By Caesar Vallejos
OPEN FOR BUSINESS, Eagle News Service
Bangko Sentral ng Pilipinas (BSP) Governor Benjamin E. Diokno said that maintaining price and financial stability will remain the BSP’s top priority. At the Chamber of Thrift Banks (CTB) Convention held at the Makati Shangri-La last March 29, 2019, Diokno cited the Philippine economy’s recent developments, potential challenges and the BSP’s thrusts.
“You can rely on the BSP to remain independent and steadfast in safeguarding our primary mandates and implement tightly the appropriate policies that are evidence-based,” the BSP Governor said in his keynote address.
“BSP will continue to use market-based monetary instruments in its operations,” he said.
He added that “policies will be responsive to the changing demand.” The BSP Governor also mentioned some amendments to the BSP’s charter that include the restoration of the BSP’s authority to issue debt papers, and to obtain information from private individuals and entities for policy formulation.
“The law also widens the coverage of BSP’s supervised financial institutions to include money service businesses, credit card businesses and payment system operators,” he said.
He also focused on the need to support inclusive growth. “Managing these challenges also call for the BSP to go beyond convention and embark on goals outside the ambit of traditional monetary policy,” he said.
An environment must be created that is “conducive for investments and supportive of job generation and employment.”
Diokno said that BSP will push for “financial inclusion, financial education and consumer protection agenda to ensure that everybody is given the opportunity to ride in this economic growth.”
Expanding to New Markets
Themed, “Expanding to New Markets,” the CTB gathering was organized to define the plans of action while initiating next steps needed for the organization to be able to reach out to more unbanked Filipinos.
“The theme reflects the current economic financial reality that we are all facing. The global transition requires some rethinking, there is a need to focus. We need to bring our policies closer to the people and aim for longer stability and inclusive growth,” Diokno said.
“The sound and stable condition of the banking community supported to by thrift bank industry has also served as a key pillar of strength of the economy,” Diokno said.
“As of end January 2019, total resources of thrift banks rose to P1.2 trillion, a 7% increase compared to its level a year ago,” the Governor said.
Diokno cited challenges that could potentially derail growth projection for 2019. The IMF reports that “global growth prospects in 2019 remains fragile and uneven as recovering in advanced economies is expected to remain steady while activity in emerging markets is expected to slow down,” he said.
Diokno mentioned the “emergence of the great fragmentation” brought about by the trade tensions between the US and China and the risk of great disruptions from the fourth industrial revolution as new challenges.
“While technological innovation in itself is not bad, the velocity and depth of transformation prevent potentially disruptive effects specially in the short term. Digital currencies can potentially alter the organic composition and evolution of money supply and affect how central banks can influence aggregate demand,” he explained.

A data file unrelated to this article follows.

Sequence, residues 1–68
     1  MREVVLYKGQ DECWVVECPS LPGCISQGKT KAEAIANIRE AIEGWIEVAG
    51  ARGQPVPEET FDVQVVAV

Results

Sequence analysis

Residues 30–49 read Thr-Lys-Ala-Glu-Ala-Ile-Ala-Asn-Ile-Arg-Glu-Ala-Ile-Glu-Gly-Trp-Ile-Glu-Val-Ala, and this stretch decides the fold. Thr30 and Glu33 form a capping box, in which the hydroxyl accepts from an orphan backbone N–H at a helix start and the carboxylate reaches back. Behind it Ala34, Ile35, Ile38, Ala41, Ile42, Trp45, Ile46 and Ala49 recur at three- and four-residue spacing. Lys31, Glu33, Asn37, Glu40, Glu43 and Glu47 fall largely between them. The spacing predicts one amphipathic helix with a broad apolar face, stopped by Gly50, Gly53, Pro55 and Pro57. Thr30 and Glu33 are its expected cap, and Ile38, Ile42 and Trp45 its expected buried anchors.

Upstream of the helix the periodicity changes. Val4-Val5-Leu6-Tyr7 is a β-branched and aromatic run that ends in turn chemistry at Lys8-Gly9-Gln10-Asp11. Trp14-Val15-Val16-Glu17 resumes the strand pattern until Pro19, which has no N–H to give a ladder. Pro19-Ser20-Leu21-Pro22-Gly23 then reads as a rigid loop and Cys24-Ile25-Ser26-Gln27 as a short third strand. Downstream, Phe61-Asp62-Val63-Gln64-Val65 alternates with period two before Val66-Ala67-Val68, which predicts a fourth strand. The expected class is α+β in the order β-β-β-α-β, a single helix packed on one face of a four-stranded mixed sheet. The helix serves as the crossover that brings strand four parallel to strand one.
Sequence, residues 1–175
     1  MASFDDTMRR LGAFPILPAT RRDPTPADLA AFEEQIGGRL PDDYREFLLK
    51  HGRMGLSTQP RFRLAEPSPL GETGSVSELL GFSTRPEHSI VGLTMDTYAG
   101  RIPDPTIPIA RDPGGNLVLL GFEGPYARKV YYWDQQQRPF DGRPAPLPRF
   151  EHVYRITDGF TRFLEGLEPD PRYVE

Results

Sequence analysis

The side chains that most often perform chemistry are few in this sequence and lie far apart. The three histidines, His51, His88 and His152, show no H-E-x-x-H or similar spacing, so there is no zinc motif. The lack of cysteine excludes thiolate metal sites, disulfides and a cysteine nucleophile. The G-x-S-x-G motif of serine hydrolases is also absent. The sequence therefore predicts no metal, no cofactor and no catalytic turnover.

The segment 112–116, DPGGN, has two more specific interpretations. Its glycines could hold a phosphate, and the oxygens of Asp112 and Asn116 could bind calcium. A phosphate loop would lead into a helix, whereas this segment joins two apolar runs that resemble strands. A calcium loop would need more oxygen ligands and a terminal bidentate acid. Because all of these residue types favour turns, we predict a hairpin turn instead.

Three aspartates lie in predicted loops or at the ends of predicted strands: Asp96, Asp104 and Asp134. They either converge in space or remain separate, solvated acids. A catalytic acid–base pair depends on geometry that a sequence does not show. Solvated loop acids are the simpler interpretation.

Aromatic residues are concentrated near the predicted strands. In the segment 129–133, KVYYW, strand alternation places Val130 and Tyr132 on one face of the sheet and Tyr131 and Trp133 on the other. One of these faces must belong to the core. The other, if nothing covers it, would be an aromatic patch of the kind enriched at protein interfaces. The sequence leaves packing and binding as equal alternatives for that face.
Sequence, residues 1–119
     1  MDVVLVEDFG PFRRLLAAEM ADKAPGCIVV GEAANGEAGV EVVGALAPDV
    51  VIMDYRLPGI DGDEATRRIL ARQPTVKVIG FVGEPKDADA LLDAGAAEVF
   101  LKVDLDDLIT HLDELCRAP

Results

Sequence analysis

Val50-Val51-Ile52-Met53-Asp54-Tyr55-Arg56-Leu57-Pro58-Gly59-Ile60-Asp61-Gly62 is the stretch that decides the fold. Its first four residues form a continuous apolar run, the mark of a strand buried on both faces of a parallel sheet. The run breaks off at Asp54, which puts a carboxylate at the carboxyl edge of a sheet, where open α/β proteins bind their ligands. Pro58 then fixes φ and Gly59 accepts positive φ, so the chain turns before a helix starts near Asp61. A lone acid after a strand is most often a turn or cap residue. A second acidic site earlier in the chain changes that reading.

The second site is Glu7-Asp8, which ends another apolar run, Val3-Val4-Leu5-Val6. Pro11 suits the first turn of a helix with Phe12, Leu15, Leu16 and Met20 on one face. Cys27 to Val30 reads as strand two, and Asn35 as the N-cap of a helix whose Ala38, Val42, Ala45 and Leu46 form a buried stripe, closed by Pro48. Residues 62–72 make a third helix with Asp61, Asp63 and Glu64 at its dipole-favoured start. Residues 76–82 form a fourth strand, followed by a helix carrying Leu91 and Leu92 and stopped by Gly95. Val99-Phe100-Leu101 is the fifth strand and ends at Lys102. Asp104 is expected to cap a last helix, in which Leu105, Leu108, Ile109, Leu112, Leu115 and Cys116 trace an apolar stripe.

Other challenges include the impact of adverse weather disturbances, infrastructure gaps, and the delay in the passage of the 2019 National budget.
Role of thrift banks
In support of BSP’s thrust to build a more inclusive financial system, we shall take steps needed to reach out to more unbanked Filipinos,” said Cecilio San Pedro, CTB and Sterling Bank President.
“We hope to align our direction with the government’s agenda to decentralize economic activity and increase infrastructure development which are targeted to boost economic growth through financial inclusion and digitalization,” he said.
“Thrift banks’ closer role to the communities that we serve puts as at a fundamental position that can contribute significantly to broadening access to financial system,” San Pedro said.
Establishing more “branch-lite” units or basic bank branches deployed outside business districts and strengthening of the digital finance ecosystem are some of the reforms of BSP that aim to provide more Filipinos with the tools that they need to make sound financial decisions.
“Expanding to new markets will allow us to open more avenues so that the public can use formal channels for money transfers, payments, and savings, particularly the underserved communities and the micro, small and medium enterprises (MSMEs),” explained San Pedro.
Through the years, thrift banks have always been at the forefront of mobilizing deposits and extending credit resources to individuals and MSMEs particularly in the countryside and in the provision of housing and consumer loans.
The convention also elaborated on opportunities that the thrift-banking sector could adopt to be able to augment financial inclusion and expansion to new markets.
Raymond Estioko, BSP Director of Payment System Oversight Department, talked about on the National Retail Payment System (NRPS) which pushes for the shifting of cash-heavy transactions to digital avenues. The convention also featured a forum on FinTech or financial technology led by Lito Villanueva, Managing Director of FintQnologies Corporation.
A forum on Microfinance, meanwhile, was led by Dr. Jaime Aristotle Alip, Founder and Chairman of CARD MRI (Center for Agriculture and Rural Development Mutually Reinforcing Institutions). Jose Ma. “Joey” A. Concepcion III, Presidential Adviser for Entrepreneurship and Founder of Go Negosyo, led the Forum on MSMEs.